The Good and Bad of Local Discovery on Our Summer Road Trip
Greetings from a summer road trip in the Pacific Northwest. Amid games of twenty questions and alphabet animals that blur into one another and mix with the beauty and tedium of the I-5, we have faced the typical needs of the traveler: shelter, food, gas, and fun. Naturally, we’ve turned to local search to find the best, the most affordable, or at least the nearest.
I’ve written about local search more frequently from the perspective of one’s home turf, where most Americans spend the bulk of their time, and I still think that the real test of effective digital search tools is their ability to cover the full range of needs we experience on a frequent or occasional basis when close to home.
And yet, today’s traveler is turning to mobile more than ever to book rooms, find restaurants and discover the hidden gems nearby. To wit: 18% of leisure travelers used local search in 2010; today nearly a third of them are turning to local search on the road. Travel is another kind of use case entirely, one that in many ways has been “solved” by existing services — but has it? In our experience, you often have to be creative to get what you need.
Here’s the report from the road so far:
Navigation: It deserves to be said that Android, and Apple with the release of iOS6 and the subsequent release of the updated Google Maps, have utterly changed the nature of travel to unfamiliar places. Now that I have a serviceable GPS device on my phone that can be plugged in to my car’s audio system and provide spoken turn-by-turn directions to any destination, I am fully relieved of any worry about getting lost and even more confident about exploring. I definitely prefer Google to Apple, not just due to accuracy but because the interface is friendlier in many details, instantly adjusting to change your directions if you happen to head the wrong way down the street.
Navigation apps can also be a great tool for local discovery, as we found in Portland when we decided to search for a vintage store in order to find an interesting part of town for my teenage daughter, a budding hipster, to explore. The vintage store turned out to be in the terrific neighborhood of Hawthorne, which we might not have found otherwise.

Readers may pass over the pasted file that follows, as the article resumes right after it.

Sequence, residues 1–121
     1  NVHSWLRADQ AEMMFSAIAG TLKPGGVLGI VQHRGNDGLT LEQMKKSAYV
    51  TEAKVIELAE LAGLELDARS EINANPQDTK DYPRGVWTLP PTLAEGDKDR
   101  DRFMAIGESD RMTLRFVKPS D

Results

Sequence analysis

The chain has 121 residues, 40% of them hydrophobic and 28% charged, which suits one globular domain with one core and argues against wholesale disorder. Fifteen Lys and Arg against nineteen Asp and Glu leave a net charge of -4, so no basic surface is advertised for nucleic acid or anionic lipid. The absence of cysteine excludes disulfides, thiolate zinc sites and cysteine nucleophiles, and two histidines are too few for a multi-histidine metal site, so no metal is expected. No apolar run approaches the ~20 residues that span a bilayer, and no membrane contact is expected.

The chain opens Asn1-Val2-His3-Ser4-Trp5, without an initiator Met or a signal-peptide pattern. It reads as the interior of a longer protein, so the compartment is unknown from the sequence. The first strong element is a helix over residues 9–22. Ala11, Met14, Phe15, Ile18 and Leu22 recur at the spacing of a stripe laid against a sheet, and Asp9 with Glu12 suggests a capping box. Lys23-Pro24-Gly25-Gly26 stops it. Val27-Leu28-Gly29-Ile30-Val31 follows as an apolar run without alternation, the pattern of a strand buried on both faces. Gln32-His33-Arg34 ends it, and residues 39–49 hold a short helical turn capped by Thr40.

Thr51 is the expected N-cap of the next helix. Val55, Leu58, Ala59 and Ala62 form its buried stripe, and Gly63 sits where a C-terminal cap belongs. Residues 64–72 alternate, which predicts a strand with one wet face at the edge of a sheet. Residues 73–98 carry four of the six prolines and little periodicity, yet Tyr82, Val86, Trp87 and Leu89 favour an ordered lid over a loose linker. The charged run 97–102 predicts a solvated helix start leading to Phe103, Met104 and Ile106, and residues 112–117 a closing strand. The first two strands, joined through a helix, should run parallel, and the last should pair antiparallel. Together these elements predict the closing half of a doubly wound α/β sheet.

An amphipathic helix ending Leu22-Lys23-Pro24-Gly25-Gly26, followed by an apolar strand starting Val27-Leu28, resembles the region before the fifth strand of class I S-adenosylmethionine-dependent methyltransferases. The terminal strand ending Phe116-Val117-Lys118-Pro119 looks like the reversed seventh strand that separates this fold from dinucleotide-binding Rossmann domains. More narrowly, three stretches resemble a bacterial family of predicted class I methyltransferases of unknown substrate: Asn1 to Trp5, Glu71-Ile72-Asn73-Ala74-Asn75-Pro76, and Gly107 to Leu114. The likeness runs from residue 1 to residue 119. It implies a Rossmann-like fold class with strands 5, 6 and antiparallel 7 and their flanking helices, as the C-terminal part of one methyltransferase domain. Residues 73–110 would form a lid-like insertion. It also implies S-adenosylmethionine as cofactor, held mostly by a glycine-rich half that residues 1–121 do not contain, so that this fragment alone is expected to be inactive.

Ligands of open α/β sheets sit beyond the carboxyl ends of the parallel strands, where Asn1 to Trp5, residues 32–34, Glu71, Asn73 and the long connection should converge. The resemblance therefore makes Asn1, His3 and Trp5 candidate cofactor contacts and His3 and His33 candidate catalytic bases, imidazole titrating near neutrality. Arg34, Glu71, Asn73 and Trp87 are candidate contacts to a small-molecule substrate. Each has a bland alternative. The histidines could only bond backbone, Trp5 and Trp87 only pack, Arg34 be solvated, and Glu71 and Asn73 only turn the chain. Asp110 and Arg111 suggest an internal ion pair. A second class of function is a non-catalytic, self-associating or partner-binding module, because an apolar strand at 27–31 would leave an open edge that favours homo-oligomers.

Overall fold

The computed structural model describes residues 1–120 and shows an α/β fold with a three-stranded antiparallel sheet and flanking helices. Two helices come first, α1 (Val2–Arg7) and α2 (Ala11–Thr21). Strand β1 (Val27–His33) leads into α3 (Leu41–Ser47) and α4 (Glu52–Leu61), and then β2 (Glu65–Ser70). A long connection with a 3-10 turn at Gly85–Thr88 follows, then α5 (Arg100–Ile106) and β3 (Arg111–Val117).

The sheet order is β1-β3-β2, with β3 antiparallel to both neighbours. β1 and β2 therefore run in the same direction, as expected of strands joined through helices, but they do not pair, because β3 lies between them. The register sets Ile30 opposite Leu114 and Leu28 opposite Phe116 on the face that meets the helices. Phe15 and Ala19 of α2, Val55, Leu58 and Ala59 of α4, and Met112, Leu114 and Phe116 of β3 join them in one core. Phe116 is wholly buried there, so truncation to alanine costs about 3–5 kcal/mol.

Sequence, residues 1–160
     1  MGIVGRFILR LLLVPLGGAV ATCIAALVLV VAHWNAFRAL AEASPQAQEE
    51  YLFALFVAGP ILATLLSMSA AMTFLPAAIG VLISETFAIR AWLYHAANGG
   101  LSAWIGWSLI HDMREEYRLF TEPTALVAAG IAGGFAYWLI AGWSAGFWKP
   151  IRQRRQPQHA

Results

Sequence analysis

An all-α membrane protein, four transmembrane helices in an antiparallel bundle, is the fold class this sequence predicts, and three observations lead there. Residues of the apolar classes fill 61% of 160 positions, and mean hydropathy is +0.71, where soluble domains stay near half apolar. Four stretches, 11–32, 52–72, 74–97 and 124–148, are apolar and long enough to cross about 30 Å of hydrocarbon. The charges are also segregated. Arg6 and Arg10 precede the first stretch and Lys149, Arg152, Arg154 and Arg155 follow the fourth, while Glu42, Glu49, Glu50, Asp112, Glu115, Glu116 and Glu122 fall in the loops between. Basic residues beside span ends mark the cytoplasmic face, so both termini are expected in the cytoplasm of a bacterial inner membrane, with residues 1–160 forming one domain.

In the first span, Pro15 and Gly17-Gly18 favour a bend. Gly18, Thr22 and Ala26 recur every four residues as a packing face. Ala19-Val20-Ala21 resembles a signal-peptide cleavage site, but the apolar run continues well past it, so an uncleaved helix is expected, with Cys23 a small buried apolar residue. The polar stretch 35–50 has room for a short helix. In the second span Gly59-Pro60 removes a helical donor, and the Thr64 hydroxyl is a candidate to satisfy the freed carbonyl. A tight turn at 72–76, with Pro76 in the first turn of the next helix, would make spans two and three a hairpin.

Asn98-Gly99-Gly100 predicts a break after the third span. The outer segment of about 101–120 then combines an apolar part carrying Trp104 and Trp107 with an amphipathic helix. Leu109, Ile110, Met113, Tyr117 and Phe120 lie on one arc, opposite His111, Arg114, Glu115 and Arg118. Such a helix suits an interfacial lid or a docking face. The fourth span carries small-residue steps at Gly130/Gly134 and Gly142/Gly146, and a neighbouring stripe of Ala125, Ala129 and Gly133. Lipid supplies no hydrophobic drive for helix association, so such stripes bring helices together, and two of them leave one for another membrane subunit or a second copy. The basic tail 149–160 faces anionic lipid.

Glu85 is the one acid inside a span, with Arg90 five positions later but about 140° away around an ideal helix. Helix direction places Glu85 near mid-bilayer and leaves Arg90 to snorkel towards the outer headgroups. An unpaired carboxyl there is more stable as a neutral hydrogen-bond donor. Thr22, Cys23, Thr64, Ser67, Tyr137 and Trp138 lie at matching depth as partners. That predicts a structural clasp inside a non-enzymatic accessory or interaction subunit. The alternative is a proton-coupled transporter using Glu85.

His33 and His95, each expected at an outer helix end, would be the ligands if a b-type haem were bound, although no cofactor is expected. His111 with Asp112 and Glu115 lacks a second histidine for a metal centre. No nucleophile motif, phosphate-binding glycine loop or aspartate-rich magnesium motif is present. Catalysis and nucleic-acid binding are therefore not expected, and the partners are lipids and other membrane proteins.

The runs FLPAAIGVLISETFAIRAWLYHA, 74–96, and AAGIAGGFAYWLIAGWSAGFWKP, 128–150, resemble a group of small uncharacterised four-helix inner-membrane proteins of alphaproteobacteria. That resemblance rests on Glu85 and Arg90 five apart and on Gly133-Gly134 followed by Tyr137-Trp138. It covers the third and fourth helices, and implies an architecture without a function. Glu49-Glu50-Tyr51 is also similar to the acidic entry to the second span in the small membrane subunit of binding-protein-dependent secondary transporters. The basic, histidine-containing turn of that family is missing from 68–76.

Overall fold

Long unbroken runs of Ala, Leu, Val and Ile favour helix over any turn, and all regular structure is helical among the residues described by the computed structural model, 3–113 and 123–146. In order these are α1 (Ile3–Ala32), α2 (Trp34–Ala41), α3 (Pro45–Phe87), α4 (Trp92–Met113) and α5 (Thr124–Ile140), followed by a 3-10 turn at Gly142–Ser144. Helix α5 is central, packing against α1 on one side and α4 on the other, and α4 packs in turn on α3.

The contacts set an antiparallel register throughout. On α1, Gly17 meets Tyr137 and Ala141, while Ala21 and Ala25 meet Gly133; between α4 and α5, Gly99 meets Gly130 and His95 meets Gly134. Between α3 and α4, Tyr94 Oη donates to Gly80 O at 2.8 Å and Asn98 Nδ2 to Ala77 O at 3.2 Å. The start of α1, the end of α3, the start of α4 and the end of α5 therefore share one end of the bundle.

Hotels: We’ve decided to play it by ear in terms of how far we’ll travel in a given day, meaning that we don’t always know for sure which town we’ll end up in that night. It turns out this is pretty easy to manage if you’re willing to play around a bit with different services. My favorites have turned out to be Kayak and Priceline. Overall, it’s hard to find a mid-range hotel without several negative reviews, many of them picky and in my experience unwarranted. (I do note that either reviewers are more severe when writing about hotels, or perhaps the apps I was using have a tendency to surface negative reviews over positive ones – a topic that deserves further research.)
Restaurants: Here, I’ll trust Yelp any day of the week, though it also helps to find a good neighborhood like Hawthorne in Portland. When you’re on the road, though, and you see a sign that says “World’s Classiest Truck Stop,” you may decide to visit just out of curiosity or impulse. Call it effective advertising, but roadside signs are still a big part of discovery for the traveler.
Attractions: That brings me to a topic where ordinary local search may really be the wrong paradigm. Say you’re like my family and you want to find out about odd roadside attractions that may be a bit off the beaten path. What do you search for? Two solutions have worked best for us: Google organic search and Roadside America. Searching Google for “unusual roadside attractions in Northern California” is much more effective than any search term you might come up with in a local app, specifically because it leads to numerous curated results on travel and news sites, and curation is still the best substitute for this type of local knowledge. Roadside America, a dedicated website and app for unusual attractions, performs a similar service.
A combination of these tools has led us to such places as the House of Mystery at the Oregon Vortex, an odd but unforgettable diversion a few miles off I-5 near Grants Pass. And what’s a road trip without a few unexpected discoveries?